In conjunction with Funcom’s new open-world action game “Conan Exiles,” which is currently available in Early Access on PC and will release on Xbox One this spring, Dark Horse Comics has released a one-shot digital comic of the same name (available as part of the game’s “Barbarian Edition” bundle), from the team of writer Michael Moreci, penciler José Luis, inker Andy Owens, joined by Funcom’s Gavin Whelan (Art Director) and Anders Finér (Senior Concept Artist).
In an unexpected move, the 16-page comic isn’t directly connected to the game — it’s not a prequel or a sequel — but is instead part of the current “Conan” comic continuity, and just happens to be set in the same place as the game.
To find out how this works — and why it was done this way — we spoke to comic writer Moreci (“Roche Limit,” “Hoax Hunters”) about this one-shot.
CBR: Let’s start with the basics: What is the “Conan Exiles” comic about?
Michael Moreci: The game itself takes place in a pocket of the Conan universe called “the Exiled Lands.” I don’t want to give too much away and risk spoiling the game but, basically, the Exiled Lands is a prison where people are held, via magical bands, for nefarious reasons. It’s a really cool concept that, in the game, provides players with a lot of cool ground to cover and things to experience. For the comic, it was a nice way for Conan to, as usual, get himself in and out of an impossible situation.
Where did the idea for the comic’s story come from?
Funcom was really cool about all this. They gave me a few ideas, but also gave me the freedom to riff on my own take. I’m a huge Conan fan, so I used that liberty while also staying true to their suggestions. Because the game is so broad, there’s so many opportunities like this, where you can tell these contained stories within the Exiled Lands.
How was it decided that the comic would not be directly connected to the game? And why, if you know, was that decision made? It seems odd to do a “Conan Exiles” comic that isn’t a prequel, sequel, or side story to the game.
Well, the thing is, in the game, you’re not Conan. You play as a character in the Exiled Lands, and the gameplay is free-form in an open world. And while Conan is in it, and this is very much the Conan/Howard universe, it’s not like you, as a player, are controlling Conan. Instead, you form your own character, which means the gaming experience will be different for everyone. Which is why it would be impossible to make a comic that centered around the game’s main character.
So the decision was an easy one: make it a Conan story, and have it capture the world and experience that players will find in the game. Though there are details that connect to the game, that’s important to note.
Is the story at all connected or inspired by one of Robert E. Howard’s original Conan stories, or maybe one of the comic books?
Both. One thing I discovered in this process is that the Funcom people really know their Conan. I mean, that goes without saying; they’re making a Conan game, after all. But they all have a genuine passion for Conan.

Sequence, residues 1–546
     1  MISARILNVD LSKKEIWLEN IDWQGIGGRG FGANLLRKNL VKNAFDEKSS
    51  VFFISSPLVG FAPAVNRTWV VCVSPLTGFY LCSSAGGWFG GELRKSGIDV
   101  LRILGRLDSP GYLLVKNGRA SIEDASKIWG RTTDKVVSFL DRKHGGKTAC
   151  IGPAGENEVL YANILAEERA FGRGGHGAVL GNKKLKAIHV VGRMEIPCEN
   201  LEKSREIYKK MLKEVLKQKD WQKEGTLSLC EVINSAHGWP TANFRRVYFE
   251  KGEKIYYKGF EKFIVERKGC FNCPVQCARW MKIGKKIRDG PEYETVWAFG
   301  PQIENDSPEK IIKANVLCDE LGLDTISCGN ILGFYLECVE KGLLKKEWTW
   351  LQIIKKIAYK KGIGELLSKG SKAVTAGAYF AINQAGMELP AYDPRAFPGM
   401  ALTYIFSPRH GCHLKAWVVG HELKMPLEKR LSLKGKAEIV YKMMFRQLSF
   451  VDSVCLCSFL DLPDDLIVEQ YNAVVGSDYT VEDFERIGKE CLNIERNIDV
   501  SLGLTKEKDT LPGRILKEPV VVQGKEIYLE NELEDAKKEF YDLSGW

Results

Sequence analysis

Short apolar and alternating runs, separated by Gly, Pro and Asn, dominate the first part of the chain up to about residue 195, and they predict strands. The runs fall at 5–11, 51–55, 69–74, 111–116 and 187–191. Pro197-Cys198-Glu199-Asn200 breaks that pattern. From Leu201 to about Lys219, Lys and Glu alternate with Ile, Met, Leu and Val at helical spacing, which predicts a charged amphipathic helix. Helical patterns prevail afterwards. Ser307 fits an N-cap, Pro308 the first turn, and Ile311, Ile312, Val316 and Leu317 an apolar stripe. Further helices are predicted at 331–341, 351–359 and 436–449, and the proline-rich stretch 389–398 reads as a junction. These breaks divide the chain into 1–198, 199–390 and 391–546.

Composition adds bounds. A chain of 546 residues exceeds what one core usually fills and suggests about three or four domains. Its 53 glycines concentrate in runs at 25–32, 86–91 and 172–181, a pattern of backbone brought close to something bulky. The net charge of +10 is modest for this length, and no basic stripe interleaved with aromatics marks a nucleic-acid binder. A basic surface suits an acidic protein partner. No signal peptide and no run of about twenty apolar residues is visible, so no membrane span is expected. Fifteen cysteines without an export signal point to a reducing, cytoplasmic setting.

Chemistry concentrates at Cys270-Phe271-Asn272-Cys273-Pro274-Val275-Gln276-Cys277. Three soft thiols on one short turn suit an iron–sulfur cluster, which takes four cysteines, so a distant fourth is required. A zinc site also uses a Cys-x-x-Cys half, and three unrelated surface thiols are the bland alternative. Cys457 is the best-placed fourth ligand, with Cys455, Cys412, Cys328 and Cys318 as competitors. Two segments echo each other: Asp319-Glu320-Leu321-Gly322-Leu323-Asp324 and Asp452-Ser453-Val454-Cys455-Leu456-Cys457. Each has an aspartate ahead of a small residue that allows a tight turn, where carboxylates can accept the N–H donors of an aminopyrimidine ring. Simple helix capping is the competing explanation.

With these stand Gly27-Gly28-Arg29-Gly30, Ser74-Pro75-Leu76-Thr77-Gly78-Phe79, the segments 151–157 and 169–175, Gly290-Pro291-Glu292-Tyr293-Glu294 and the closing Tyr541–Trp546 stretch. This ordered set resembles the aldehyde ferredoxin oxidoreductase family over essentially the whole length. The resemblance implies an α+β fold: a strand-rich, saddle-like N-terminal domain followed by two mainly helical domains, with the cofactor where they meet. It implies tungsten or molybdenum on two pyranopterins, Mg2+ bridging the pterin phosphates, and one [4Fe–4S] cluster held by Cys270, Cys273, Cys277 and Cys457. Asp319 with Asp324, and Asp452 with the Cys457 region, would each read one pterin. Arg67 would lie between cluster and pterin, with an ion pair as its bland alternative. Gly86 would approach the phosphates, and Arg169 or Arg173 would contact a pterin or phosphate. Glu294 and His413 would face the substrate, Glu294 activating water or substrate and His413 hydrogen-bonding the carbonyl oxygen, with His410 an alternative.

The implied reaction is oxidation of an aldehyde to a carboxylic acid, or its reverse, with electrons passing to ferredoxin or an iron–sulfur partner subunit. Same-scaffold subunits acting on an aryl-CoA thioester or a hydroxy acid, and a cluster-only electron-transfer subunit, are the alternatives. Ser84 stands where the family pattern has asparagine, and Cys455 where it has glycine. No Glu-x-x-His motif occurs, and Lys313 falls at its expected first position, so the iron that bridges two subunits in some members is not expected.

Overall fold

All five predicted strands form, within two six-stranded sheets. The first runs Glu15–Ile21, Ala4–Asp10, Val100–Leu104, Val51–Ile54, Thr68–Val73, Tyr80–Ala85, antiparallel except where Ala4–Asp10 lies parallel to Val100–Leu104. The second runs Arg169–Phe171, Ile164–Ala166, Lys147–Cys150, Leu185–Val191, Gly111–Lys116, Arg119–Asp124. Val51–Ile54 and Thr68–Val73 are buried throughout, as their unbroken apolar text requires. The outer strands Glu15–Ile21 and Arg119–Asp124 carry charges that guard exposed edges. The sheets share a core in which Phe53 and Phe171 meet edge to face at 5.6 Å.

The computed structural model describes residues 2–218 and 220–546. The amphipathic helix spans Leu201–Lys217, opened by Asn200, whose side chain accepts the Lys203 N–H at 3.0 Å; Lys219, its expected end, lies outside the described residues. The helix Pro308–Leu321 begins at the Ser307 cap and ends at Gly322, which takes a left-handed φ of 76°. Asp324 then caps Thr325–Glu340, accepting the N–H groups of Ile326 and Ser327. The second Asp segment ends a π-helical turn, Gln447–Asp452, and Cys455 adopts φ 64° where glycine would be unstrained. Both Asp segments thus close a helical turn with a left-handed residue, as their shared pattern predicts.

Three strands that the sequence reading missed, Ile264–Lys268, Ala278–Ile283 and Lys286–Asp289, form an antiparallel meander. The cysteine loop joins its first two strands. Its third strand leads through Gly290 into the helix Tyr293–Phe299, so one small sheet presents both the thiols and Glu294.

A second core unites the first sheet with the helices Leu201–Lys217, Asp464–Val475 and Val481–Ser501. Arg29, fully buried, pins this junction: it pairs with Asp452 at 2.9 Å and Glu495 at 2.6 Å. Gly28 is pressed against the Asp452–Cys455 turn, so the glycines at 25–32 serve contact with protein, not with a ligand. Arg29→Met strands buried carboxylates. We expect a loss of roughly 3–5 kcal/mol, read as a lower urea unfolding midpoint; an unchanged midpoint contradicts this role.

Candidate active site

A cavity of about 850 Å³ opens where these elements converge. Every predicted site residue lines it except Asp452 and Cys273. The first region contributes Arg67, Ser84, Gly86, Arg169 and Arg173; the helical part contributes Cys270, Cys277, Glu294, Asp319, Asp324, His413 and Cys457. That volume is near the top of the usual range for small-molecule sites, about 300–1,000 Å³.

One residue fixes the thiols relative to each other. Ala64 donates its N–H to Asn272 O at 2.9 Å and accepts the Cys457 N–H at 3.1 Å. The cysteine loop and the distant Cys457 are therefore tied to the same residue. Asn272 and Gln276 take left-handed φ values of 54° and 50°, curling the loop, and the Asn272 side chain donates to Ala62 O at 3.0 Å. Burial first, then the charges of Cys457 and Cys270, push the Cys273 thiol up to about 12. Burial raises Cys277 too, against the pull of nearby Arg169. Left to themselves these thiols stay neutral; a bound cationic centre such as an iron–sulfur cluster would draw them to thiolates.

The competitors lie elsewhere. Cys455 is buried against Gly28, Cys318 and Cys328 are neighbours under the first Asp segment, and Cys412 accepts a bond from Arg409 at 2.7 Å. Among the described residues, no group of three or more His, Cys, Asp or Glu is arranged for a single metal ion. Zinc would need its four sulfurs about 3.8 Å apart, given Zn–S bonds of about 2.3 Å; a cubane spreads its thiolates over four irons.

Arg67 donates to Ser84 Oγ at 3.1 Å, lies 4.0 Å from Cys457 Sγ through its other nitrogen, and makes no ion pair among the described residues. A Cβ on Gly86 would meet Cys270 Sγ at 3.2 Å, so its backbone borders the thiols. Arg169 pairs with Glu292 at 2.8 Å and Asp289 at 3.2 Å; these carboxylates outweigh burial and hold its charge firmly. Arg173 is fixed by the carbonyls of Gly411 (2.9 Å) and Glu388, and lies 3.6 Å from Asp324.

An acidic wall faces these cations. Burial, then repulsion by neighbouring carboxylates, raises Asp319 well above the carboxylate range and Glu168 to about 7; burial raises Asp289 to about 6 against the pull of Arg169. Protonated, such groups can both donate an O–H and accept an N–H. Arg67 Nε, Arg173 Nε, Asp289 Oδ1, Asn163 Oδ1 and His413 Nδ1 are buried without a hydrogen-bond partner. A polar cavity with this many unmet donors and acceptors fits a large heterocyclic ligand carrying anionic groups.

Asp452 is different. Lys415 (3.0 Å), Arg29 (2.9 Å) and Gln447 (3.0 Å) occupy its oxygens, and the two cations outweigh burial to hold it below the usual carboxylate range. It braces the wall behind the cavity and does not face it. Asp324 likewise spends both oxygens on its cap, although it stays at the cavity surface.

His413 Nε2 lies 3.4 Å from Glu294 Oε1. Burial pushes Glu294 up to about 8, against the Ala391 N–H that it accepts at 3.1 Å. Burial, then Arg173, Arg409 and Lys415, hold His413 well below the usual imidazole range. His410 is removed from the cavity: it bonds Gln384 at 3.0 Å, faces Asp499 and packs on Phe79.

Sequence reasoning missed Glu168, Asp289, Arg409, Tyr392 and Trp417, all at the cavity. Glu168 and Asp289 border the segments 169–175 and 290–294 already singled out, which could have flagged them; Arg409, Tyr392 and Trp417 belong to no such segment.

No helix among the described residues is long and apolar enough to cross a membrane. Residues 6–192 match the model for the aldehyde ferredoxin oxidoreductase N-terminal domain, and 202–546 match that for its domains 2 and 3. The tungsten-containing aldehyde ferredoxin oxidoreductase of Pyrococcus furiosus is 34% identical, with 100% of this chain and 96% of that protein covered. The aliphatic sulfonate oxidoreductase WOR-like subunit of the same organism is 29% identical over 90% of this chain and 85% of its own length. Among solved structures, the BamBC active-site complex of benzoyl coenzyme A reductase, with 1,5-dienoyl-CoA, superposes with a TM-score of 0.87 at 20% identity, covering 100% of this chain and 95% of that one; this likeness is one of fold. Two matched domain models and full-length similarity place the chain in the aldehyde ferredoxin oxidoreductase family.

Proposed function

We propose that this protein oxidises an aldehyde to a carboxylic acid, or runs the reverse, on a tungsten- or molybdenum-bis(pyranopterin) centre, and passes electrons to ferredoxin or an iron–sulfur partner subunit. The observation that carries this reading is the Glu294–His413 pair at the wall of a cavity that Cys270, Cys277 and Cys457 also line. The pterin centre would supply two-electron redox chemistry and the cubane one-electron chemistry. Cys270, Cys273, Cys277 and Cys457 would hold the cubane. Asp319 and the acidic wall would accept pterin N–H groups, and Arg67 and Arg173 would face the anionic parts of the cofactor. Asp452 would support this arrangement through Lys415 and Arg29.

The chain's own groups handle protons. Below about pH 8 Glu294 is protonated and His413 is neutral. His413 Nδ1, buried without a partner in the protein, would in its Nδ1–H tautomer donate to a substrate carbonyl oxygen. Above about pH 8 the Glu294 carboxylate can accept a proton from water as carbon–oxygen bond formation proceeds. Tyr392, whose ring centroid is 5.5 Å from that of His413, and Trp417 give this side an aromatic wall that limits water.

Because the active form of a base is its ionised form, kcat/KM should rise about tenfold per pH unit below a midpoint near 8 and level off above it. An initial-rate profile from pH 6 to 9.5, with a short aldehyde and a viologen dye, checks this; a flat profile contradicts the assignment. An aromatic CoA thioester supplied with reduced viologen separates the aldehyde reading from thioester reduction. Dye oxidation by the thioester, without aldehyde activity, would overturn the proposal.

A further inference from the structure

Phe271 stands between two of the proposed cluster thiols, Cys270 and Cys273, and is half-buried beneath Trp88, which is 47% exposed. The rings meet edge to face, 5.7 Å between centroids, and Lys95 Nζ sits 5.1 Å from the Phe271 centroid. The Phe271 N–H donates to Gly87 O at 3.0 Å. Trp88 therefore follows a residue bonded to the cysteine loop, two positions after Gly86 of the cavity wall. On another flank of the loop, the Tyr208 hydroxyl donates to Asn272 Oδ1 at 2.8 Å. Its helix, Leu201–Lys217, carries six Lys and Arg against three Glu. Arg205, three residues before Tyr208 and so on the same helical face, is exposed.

In terms of continuity, this takes place during the comic continuity, Fred Van Lente’s run specifically. Natala is in it, so it’s before his final volume. Conan and Natala went their separate ways in volume 19, making this story before that, but not by much.
How much back and forth was there between you and the people at Funcom, who are making the game? And what was the biggest impact they had on the story?
There wasn’t too much, in a good way. They gave me guidance, good guidance, where needed, but they let me tell the Conan story I was looking to tell. Their only concern was ensuring it stayed true, in the details, to the game. But having them around, and their Conan expertise, proved totally valuable.
Were there any times where they were like, “Oh, that’s a good idea for the game, too”?
Not that I know of, but I hope so. I’d love to see some of what I did find itself into the game.
Prior to writing the comic, you got to see concept art for it, and got a primer on the game from the Funcom people — but you didn’t get to play it. How did that impact your writing?
I think it might be better I didn’t get to play it. I think there’s, like, a saturation point where you, as a writer, can have too much information and it becomes hard to see the forest for the trees. I had enough information from Funcom, through all the behind-the-scenes stuff they showed me, and that, combined with my Conan knowledge, gave me a pretty clear idea of what story to tell.
How often, when dealing with the Funcom folks, did you ask if you could write something for the game itself, or maybe for their “Age of Conan: Unchained” game?
I never did, because I didn’t want to cross any lines. I was hired through Dark Horse, so I felt weird about going over them to ask Funcom for work.
But now that the dust is settled, it’s definitely a talk I’d be thrilled to have. I’d love to write video games — lord knows I play enough — and a Conan game? Yes, please.
Finally, if the opportunity presented itself, what other games would you want to write a comic book for?
I’m pretty much a console guy, and the games I love and would do just about anything to write for are: “Mass Effect,” “Dragon Age, ” “Red Dead Redemption, ” “Gears of War,” and “Assassin’s Creed.” There’s others, but those top the charts for me.
The “Conan Exiles” comic is available digitally now. The “Conan Exiles” game is our for PC now, and Xbox One later this year.
- Ad Free Browsing
- Over 10,000 Videos!
- All in 1 Access
- Join For Free!